'The God Cells': Film Review
Is the U.S. making it too hard to research fetal stem cell treatments?
A piece of advocational moviemaking that will have many viewers rushing out to learn where sick loved ones can obtain experimental stem cell therapies, Eric Merola's The God Cells wholeheartedly believes that, in many though not all cases, injections of fetal stem cells can cure everything from lupus to cystic fibrosis to cataracts. Though it more closely resembles journalism than does Merola's recent Second Opinion, an intriguing but problematic look at the alleged cancer cure Laetrile, this film still stacks the deck in suspicious ways, leaving many questions and doubts off the screen. While it may find an audience through alt-media outlets hungry for reports of medical breakthroughs the establishment seems bent on quashing, more skeptical viewers will wonder what a rigorous science reporter or documentarian would make of its miraculous claims.
Though it takes some time for the movie to reveal this, all of the patients it interviews are clients of a single Tijuana clinic run by William C. Rader, who has been stripped of his American medical license. Merola acknowledges the revocation, painting it as the result of a too-cautious establishment persecuting a medical innovator. But he ignores some of the claims against Rader, and when showing his background as a famous TV medical-expert-for-hire in the '70s and '80s, he doesn't tell us Rader's training was in psychiatry and his specialty was eating disorders. How, one wonders, does this qualify him to experiment with the building blocks of the human organism?
Many have called Rader a quack or worse. But Merola interviews a long string of satisfied customers, who have made stunning comebacks from debilitating illnesses. Unless they're all paid actors, something is happening at this clinic that needs to be pursued: On the couple of occasions when we follow interviewees back to the offices of their regular doctors in the U.S., each doc agrees that, however leery they might have been about seeing patients go to Tijuana for a magic cure, the results can't be explained by anything simple like the placebo effect.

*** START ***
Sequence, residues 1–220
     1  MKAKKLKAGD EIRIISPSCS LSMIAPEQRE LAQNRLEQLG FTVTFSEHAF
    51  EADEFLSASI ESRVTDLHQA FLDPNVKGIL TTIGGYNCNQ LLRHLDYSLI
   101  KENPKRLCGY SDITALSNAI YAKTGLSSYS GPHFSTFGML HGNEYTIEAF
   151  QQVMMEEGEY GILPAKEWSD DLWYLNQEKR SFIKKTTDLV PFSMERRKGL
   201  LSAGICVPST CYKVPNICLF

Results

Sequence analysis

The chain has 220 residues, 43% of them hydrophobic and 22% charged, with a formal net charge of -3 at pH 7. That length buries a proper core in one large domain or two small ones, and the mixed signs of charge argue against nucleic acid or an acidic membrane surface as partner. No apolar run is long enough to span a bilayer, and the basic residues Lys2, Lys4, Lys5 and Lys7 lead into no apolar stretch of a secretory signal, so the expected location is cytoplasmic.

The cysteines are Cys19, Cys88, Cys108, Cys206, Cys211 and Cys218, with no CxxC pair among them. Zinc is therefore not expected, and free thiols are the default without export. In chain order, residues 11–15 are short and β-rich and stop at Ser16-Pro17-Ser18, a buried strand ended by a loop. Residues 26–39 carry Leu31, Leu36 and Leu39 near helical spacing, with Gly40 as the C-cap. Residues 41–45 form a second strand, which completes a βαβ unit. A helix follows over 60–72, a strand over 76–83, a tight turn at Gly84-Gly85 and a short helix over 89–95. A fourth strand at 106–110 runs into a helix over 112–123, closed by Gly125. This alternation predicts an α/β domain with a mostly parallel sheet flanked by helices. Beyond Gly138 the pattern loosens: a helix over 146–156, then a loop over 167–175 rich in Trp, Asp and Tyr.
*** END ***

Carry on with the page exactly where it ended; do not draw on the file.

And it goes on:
Merola offers a primer on various types of stem-cell therapies, and digs a bit into the forces opposed to those that use tissue from aborted fetuses. It also lingers on the claim that much of the holdup in the States originates from Big Pharma, which it says has "bought" the FDA and would like to keep people dependent on the profitable drugs it sells for Parkinson's, leukemia, and other conditions Merola sees cured by stem cells. The tone here isn't nearly as overheated as the conspiracy-nut business in the Zeitgeist series of videos directed by Merola's brother Peter Joseph. (Though some claim Merola contributed to Zeitgeist under the pseudonym Eric Clinton, the director denies any involvement.) But since this is the fifth film Merola has made about conspiracies to sweep medical breakthroughs under the carpet, none of which seems to have led to much, one hesitates to put too much faith in it.
Production company: Merola Productions
Director-Screenwriter-Editor: Eric Merola
Producers: Eric Merola, Kate Merola
Executive producer: David Barrett
Directors of photography: David Barrett, Eric Merola, Kate Merola, Dave Newton
Composer: Peter Venne